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HP (NYSE:HPQ) announced its Q1 12 earnings results last Wednesday after the close only to see its stock tumble by six and a half percent the following day. With revenues down 7% to $30 billion and declines of 210 basis points and 380 basis points in gross margin and operating margin, respectively, HP’s earnings fell well short of expectations for the quarter. However, the quarterly results provided some positive indications as to HP’s future, and we remain cautiously optimistic on the company in the long term believing it could follow the path of tech giants and rivals like IBM (NYSE:IBM) and Cisco (NASDAQ:CSCO).
Given HP’s huge revenue base, we believe (and you can see for yourself in our model below), a marginal improvement in profit margins will help improve the grim outlook for HP and thankfully that is all the company is focused on according to remarks from CEO Meg Whitman. We now have an updated $38.70 Trefis price estimate for HP, about 40% above the market price, and below we take a look at some of the factors we believe drive the value for HP.
PC Business to Bounce Back (or Sustain At least)
Last year was nothing short of a nightmare for HP’s Personal Systems Group (PSG) business. Despite being the global leader in the PC market, the company announced the spin-off of its PSG business under the leadership of the then HP CEO Leo Apotheker. As it turned out, the decision was among the worsts that HP made in its entire history, resulting in a nosedive in the company’s stock followed by the firing of its second CEO within a span of one year; shattering both investor confidence and client relations.
While HP rolled back the PSG spin-off decision in October 2011, under new CEO Meg Whitman, there was no respite for the PSG business as the global PC market was hit by hard disk drive shortage (HDDs – a major component in PCs used for storing data) during Q4 11. As a result of severe flooding in Thailand, which accounted for nearly 40% to 45% of global supply in first half of 2011,  the supply of hard disk drive was about 30% below the expected demand leading to higher component pricing and lower PC sales. This led to a 15% decline in PSG revenue in Q1 12 and contributed more than half of HP’s revenue declined during the quarter.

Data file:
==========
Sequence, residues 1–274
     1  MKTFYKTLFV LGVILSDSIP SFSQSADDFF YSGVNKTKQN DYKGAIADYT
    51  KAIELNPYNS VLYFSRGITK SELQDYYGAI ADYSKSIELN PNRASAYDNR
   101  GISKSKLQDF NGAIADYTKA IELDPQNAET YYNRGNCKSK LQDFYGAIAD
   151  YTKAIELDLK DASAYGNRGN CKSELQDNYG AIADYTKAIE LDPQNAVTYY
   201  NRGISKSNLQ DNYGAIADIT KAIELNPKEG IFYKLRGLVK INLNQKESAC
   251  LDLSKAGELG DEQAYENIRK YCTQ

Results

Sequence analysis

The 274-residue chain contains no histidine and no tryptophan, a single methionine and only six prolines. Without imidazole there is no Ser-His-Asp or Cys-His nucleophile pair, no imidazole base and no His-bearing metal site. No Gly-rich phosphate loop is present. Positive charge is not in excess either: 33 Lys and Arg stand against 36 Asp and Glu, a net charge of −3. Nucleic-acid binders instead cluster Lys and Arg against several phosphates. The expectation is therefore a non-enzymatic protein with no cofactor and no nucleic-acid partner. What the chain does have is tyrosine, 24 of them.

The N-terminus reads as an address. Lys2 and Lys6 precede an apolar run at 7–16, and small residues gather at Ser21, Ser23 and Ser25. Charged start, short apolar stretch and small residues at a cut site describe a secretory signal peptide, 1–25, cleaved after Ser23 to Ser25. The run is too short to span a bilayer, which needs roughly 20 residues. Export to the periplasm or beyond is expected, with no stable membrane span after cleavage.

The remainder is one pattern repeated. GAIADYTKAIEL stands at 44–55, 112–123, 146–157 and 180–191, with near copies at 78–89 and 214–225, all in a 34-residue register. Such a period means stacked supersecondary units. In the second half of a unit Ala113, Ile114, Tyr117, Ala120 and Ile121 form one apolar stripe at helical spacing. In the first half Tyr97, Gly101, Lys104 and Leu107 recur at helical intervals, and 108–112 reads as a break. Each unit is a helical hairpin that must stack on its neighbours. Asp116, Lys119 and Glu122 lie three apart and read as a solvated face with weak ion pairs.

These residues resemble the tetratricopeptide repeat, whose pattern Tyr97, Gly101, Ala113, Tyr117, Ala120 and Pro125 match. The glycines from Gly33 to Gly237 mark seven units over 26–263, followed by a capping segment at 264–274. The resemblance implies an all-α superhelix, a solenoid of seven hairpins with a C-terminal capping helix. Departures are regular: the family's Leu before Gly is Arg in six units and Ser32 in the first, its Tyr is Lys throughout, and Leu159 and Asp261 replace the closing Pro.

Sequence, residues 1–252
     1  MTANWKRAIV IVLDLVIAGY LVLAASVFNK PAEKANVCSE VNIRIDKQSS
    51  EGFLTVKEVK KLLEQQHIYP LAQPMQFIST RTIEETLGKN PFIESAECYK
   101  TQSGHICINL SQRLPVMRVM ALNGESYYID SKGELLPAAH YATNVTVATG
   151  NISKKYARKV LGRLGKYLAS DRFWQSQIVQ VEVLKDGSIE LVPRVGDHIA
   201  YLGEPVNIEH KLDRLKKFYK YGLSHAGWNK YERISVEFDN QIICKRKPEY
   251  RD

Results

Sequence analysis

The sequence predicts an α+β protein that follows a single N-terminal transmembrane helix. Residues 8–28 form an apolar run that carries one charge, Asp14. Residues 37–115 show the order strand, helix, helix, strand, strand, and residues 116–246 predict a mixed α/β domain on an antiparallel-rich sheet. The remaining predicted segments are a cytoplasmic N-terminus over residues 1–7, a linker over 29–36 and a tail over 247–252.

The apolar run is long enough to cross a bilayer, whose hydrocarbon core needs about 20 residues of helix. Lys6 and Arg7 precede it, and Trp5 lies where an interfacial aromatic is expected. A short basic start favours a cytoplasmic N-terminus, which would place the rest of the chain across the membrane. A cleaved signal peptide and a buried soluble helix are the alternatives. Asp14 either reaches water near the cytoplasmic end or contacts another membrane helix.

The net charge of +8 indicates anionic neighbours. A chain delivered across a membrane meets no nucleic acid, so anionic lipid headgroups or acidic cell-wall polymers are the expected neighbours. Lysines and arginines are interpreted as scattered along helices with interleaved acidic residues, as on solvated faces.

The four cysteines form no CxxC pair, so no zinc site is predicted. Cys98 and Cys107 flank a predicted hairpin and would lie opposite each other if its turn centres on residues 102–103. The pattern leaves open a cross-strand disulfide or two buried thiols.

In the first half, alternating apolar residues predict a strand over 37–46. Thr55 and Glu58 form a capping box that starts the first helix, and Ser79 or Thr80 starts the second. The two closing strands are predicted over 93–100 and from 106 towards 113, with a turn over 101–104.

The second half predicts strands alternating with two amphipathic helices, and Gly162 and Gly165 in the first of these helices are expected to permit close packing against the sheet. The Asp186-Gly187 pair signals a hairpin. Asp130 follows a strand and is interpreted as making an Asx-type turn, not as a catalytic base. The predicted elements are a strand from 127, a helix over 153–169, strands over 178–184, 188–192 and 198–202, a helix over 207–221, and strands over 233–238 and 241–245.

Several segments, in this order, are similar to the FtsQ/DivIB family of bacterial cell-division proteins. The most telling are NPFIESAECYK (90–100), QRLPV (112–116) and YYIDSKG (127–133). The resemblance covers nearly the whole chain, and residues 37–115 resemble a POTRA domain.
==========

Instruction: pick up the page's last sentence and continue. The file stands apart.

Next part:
However, with a renewed focus and commitment to innovation in the segment, we believe HP will be able to bounce back in the PC market and prevent its market share from eroding further in the future. This coupled with the expected growth in the PC market in second half of 2012 and 2013, driven by the improvement in HDD supply and launch of Windows 8,  makes PSG a vital business that could bring about the turnaround which HP needs.
We forecast HP’s PC EBITDA margin will decline in 2012 as the full impact of the HDD shortage and higher costs takes effect and as the wait for Windows 8 (due later in 2012) affects PC sales. However, the margins can improve starting 2013 driven by refresh cycle for Windows 8 PCs and the increase in popularity of ultra-thin, light weight and premium priced Ultrabooks.
Software is a Potential Business Segment
HP identifies the software business as a critical part of its forward looking strategy and the addition of Autonomy underlines this. In Q1 12, HP’s software revenue increased 30% and given HP’s commitment to investment in the segment similar growth can be expected going forward. As we transition into the age of Cloud and Big Data, the importance of software will only grow and HP’s focus on next gen software capabilities will pay off.
On the other hand, HP’s software EBITDA margin declined significantly in the year 2011 (see chart above) driven primarily by acquisition related charges. As the company continues to acquire more assets in software business, the margins will remain at these low levels in 2012, but we expect margins to start recovering in 2013.
Fewer Loses on Corporate Investments
With HP finally finding its focus, we believe the company will be able to cut down its losses on corporate investments, which by the way were at an all-time high of $1.5 billion in 2011 – thanks largely to Palm/webOS fiasco. By any means these losses are unlikely to continue in the future and simultaneously any reduction in these losses will boost HP’s bottom-line significantly sending the company’s EPS flying.Notes: